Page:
Inspired by bats, this teen's invention is changing how blind people experience the world.

When he was 12 years old, Alex Deans watched a woman with a visual impairment struggle to cross a busy street.

Image via iStock.


After a short conversation with her, Alex decided to use his love of science to improve the way people with visual impairments get around in their communities.

He started from scratch, teaching himself how to program and connecting with coders and inventors from around the world in online chat rooms. He thought outside the box when he began to build his new device and found inspiration in nature for tackling the woman's problem in a new way.

It took over five years for Alex to complete his device, which he calls an iAid.

He spent three years working on the prototype and then another three years refining it.

But, boom! He made it happen.

Like the echolocation system bats use, the iAid maps environments using sound waves.

Basically, the iAid is a belt with four sensors, attached to a small joystick.

When used inside , sound waves bounce off objects. The sensors communicate to a joystick, which pivots in the direction the user should go, allowing the person to navigate around obstacles without using a cane.

Images by Canada AM.

When used outside , the system uses GPS, Bluetooth, Google Maps, and a cloud service to send information to the user's smartphone, proving once again there really is an app for everything.

The iAid has received lots of positive feedback from testers at the Canadian National Institute for the Blind.

"One of the major things they said was the the device actually improved their confidence in navigation," Alex said in an interview with "Canada AM."

Alex was even named one of Canada's Future Leaders and recently took home the prestigious Weston Youth Innovation Award.

He hopes to use his new-found fame (and $2,000 in prize money) to continue improving the iAid. It's his goal to have the device on the market in two years.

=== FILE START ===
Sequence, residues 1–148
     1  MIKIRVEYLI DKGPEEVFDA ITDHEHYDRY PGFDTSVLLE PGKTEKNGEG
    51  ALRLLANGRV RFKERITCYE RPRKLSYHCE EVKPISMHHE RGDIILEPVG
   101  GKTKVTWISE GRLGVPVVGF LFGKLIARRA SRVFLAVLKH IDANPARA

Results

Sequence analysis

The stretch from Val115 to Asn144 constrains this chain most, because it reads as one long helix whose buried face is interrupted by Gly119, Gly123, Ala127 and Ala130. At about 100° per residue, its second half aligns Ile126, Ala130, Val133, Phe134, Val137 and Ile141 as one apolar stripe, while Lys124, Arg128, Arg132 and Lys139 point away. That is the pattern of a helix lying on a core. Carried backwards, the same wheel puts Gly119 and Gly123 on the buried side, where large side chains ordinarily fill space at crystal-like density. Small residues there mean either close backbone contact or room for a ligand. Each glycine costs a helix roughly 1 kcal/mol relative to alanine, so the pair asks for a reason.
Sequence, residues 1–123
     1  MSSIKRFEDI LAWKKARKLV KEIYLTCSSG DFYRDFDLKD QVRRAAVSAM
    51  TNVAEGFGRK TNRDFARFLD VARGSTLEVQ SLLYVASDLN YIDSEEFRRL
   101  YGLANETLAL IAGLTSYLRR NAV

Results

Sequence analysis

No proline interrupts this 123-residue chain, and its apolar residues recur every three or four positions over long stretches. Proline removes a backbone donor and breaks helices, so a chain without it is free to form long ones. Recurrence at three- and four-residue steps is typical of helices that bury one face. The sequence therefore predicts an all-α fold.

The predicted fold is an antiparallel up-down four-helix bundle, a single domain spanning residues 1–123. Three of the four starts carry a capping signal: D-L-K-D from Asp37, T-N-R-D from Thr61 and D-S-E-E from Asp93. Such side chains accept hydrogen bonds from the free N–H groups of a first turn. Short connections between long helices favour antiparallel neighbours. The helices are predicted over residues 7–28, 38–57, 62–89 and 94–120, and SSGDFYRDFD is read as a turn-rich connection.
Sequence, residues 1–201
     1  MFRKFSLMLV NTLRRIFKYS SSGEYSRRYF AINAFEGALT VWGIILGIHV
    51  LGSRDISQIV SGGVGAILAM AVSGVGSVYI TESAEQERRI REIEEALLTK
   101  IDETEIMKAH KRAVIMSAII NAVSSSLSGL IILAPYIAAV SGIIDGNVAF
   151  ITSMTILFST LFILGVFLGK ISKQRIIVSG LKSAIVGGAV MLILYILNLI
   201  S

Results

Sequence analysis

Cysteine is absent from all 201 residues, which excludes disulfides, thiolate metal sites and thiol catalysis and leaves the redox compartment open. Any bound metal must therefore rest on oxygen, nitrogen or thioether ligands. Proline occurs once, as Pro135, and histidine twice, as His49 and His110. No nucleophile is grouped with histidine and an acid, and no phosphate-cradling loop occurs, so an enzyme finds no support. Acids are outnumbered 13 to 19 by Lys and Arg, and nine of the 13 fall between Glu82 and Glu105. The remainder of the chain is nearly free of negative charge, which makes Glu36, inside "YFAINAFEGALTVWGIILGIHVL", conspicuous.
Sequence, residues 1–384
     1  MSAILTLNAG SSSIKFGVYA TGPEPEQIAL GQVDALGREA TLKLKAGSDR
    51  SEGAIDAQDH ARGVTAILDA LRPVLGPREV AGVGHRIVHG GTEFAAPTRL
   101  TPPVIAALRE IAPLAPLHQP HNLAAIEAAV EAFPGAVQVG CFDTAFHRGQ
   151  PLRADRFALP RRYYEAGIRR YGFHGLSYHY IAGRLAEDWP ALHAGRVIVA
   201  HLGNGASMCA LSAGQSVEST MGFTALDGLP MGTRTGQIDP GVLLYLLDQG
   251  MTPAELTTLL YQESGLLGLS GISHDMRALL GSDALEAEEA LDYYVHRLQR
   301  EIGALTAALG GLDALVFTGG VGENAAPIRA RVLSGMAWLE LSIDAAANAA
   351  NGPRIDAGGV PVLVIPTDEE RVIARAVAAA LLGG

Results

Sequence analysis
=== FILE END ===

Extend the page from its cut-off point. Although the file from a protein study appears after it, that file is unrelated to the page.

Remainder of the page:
Not bad for someone who's still in Grade 12.

Check out the iAid in action in this interview Alex did with Canada AM.

True

This year more than ever, many families are anticipating an empty dinner table. Shawn Kaplan lived this experience when his father passed away, leaving his mother who struggled to provide food for her two children. Shawn is now a dedicated volunteer and donor with Second Harvest Food Bank in Middle Tennessee and encourages everyone to give back this holiday season with Amazon.

Watch the full story:

Over one million people in Tennessee are at risk of hunger every day. And since the outbreak of COVID-19, Second Harvest has seen a 50% increase in need for their services. That's why Amazon is Delivering Smiles and giving back this holiday season by fulfilling hundreds of AmazonSmile Charity Lists, donating essential pantry and food items to help organizations like Second Harvest to feed those hit the hardest this year.

Visit AmazonSmile Charity Lists to donate directly to a local food bank or charity in your community, or simply shop smile.amazon.com and Amazon will donate a portion of the purchase price of eligible products to your selected charity.